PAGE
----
BRANDON — Hundreds of family and friends filled the Bell Shoals Baptist Church Tuesday morning to honor a life cut short too soon.
But Ted Fraley stood at the podium and offered an alternative takeaway to the sorrow and grief experienced by those who came to pay respects to his niece. A mother of four named Samantha Keithley, her life was ended Sept. 24. That's when her husband, Hillsborough County Sheriff's Office deputy Kirk Keithley, shot her and then turned the gun on himself.
Fraley urged the gathered not to focus on the negative, but to follow the example set by his vivacious niece.
"Live your life," Fraley said. "If you want to honor Sam, live your life to the fullest. You've got one shot at life. Take it. Sam's life was stolen from her. Life your life. Live your dreams."
Samantha Keithley, 33, grew up in Brandon, took care of her family after her mom died when she was 16 and graduated from Bloomingdale High School in 2003. She worked for a decade at the Seminole Hard Rock Hotel & Casino, where she had recently been promoted into a management position.
She had also studied nursing and was working as a real estate agent for Keller Williams Realty in Lakeland. She married Kirk Keithley, 39, in 2012. Together they had a blended family of four children.
At the church, Fraley talked about a previous family gathering there. It was 17 years ago and they had come to mourn Samantha Keithley's mother, who died of non-Hodgkins lymphoma.
Keithley had just gotten her license.
"She'd already had two 'fender benders,'" Fraley said with a smile of fond memory. "So in spite of what you may have heard she wasn't perfect. But she was wonderful. You've all heard she's beautiful, but that's superficial and doesn't even begin to describe her. She was kind, thoughtful, loving, considerate, compassionate and just plain fun."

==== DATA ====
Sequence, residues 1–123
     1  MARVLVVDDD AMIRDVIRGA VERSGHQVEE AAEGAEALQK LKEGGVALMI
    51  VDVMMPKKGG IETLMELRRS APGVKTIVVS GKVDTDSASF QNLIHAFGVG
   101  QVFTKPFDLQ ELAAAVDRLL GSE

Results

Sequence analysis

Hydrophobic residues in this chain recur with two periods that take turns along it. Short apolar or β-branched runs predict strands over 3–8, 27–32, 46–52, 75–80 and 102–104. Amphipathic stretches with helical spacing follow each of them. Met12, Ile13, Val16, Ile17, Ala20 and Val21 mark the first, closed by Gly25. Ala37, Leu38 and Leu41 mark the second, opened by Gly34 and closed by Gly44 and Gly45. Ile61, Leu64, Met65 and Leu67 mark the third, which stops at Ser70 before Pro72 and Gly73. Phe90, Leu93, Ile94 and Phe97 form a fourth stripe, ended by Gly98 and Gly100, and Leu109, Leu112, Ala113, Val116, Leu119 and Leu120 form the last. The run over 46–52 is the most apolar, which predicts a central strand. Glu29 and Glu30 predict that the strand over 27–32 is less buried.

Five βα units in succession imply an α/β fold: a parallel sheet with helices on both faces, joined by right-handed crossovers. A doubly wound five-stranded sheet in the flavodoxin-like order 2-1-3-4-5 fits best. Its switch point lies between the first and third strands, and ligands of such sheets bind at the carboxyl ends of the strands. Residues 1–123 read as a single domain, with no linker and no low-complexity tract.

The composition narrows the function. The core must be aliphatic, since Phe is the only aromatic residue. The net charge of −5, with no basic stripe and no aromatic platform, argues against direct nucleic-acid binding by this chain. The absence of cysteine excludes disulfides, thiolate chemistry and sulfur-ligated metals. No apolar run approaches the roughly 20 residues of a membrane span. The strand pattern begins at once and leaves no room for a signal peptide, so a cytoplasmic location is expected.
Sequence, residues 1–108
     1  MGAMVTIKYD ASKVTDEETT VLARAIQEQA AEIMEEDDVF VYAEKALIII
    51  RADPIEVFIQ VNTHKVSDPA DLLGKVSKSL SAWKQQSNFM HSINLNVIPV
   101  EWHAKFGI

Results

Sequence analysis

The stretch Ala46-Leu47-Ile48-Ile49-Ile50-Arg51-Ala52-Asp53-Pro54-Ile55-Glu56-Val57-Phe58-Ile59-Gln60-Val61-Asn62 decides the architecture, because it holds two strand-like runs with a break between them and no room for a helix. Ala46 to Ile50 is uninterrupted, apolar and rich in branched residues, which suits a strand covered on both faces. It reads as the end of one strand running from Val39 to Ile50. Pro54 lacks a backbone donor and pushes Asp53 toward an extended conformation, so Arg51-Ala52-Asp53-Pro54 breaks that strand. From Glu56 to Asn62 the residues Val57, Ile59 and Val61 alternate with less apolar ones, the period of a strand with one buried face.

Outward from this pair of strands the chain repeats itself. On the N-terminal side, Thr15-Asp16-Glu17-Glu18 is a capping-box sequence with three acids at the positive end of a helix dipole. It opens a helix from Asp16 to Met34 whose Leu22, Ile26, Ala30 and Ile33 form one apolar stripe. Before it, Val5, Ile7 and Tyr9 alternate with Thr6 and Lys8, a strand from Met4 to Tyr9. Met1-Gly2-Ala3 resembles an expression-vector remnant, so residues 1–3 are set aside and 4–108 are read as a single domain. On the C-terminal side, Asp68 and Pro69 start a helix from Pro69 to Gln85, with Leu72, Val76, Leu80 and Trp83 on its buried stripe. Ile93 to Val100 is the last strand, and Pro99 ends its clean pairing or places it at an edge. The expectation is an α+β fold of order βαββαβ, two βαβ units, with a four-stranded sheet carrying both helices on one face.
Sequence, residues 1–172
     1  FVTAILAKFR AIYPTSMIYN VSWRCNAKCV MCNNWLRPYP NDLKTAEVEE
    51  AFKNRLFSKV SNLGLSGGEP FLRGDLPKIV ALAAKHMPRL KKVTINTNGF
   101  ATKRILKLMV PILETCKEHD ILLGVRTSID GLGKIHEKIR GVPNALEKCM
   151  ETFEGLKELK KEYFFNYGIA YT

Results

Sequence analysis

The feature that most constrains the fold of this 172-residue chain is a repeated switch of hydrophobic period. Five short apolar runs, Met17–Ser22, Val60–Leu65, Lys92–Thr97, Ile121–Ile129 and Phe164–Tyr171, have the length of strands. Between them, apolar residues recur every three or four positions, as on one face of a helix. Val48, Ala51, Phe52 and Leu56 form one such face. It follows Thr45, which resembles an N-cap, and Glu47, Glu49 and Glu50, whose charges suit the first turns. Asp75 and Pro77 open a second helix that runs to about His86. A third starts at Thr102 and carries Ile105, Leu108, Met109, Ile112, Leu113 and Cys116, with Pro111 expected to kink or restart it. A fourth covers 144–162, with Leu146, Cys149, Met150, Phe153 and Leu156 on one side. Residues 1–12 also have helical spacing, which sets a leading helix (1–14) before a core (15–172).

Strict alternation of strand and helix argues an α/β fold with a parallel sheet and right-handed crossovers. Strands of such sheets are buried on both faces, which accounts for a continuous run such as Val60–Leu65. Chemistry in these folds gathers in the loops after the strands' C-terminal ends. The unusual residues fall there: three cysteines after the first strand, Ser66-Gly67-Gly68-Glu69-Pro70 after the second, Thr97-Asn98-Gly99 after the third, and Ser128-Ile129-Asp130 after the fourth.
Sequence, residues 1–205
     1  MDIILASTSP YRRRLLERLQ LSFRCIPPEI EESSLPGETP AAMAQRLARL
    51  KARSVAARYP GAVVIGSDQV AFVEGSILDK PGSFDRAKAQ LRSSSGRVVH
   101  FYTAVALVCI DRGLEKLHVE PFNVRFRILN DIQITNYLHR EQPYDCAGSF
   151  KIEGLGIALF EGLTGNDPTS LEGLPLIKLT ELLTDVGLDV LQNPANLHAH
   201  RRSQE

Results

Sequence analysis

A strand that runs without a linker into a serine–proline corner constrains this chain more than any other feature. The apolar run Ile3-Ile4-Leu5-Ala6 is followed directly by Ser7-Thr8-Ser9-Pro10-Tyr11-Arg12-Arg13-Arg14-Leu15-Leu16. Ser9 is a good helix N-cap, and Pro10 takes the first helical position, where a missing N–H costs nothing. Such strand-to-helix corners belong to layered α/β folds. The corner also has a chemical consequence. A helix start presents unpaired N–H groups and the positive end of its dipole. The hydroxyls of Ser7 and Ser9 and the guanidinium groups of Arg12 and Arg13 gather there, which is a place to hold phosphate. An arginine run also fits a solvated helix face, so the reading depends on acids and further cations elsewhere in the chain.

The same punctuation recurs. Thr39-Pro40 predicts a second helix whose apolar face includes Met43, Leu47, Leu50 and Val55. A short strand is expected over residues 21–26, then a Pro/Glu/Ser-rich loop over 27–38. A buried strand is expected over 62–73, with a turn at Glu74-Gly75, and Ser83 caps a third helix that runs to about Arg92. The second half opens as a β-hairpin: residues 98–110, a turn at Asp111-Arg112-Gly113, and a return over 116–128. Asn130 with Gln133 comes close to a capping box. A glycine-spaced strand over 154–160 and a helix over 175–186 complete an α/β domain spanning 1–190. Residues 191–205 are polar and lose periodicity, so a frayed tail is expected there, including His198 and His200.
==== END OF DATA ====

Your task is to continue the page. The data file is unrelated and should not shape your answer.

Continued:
She was also an inspiration.
"I was in an awful relationship," said Rose Sanabria. "Sam was a loving person listening to my horrible night that happened with that man. He put me in a wheelchair for three months. Sam used to tell me, 'Rose, you are better than that. So many people love you. You are not alone. You need to get out. I don't ever want to wake up one morning and read up on you."
Sanabria sighed at the irony and said Keithley helped give her the strength to get out before it was too late.
"I know she didn't have that chance, because of a cowardly act that caught her off-guard," Sanabria said. "But what she has done is left her legacy on earth of love, courage and faith. She brought me closer to God and she has given me the opportunity to touch other women in their lives."
Kristin Kellin, one of her best friends since growing up in Brandon, recalled that Keithley "lit up a room when she walked in. She was electric, stunningly beautiful and exactly what her uncle said, she was fun and we had some crazy, amazing fun times together."
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But she was also a great mother, said Kellin.
"Please keep her children in your thoughts and prayers," she said, "because that's really what she would want."
As friends and family celebrated Samantha Keithley, 1,200 miles to the west her husband's family held a memorial for him in his birthplace of Peoria, Illinois.
An obituary in his hometown Peoria Star Journal didn't say what happened, only that he was "pre-deceased" by his wife.
In Brandon, another of Samantha Keithley's uncles offered his thoughts on the man who took his niece's life.
"Some people might be taken aback by what I am about to say," said Travis Fraley during his turn at the podium. "Kirk was a coward. He stole Samantha from us and I hope he rots in hell."
Even amid the devastation, Ted Fraley began his eulogy by asking mourners to look past the tragedy.
"When you tell this story, and we want you to tell it, don't boil it down to her last few minutes," said Fraley. "That's not what her life was about and had nothing to do with her. To do so would be skipping over the 18 million other minutes — 33 years of an incredible story with highs, lows, joys and sadness, love and most importantly, her children."
Staff writer Tony Marrero contributed to this report. Contact Howard Altman at email@example.com or (813) 225-3112. Follow @haltman